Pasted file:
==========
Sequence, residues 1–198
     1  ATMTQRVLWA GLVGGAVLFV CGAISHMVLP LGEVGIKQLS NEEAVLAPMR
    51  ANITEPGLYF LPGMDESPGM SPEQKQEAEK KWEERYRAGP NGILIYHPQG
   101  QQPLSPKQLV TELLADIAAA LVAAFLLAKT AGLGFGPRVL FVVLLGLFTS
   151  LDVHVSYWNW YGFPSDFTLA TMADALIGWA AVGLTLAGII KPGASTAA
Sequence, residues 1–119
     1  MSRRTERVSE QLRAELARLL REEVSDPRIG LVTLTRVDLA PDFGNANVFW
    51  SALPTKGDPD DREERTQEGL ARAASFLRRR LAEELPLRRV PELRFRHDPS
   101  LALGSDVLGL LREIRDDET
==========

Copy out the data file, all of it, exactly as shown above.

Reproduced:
Sequence, residues 1–198
     1  ATMTQRVLWA GLVGGAVLFV CGAISHMVLP LGEVGIKQLS NEEAVLAPMR
    51  ANITEPGLYF LPGMDESPGM SPEQKQEAEK KWEERYRAGP NGILIYHPQG
   101  QQPLSPKQLV TELLADIAAA LVAAFLLAKT AGLGFGPRVL FVVLLGLFTS
   151  LDVHVSYWNW YGFPSDFTLA TMADALIGWA AVGLTLAGII KPGASTAA
Sequence, residues 1–119
     1  MSRRTERVSE QLRAELARLL REEVSDPRIG LVTLTRVDLA PDFGNANVFW
    51  SALPTKGDPD DREERTQEGL ARAASFLRRR LAEELPLRRV PELRFRHDPS
   101  LALGSDVLGL LREIRDDET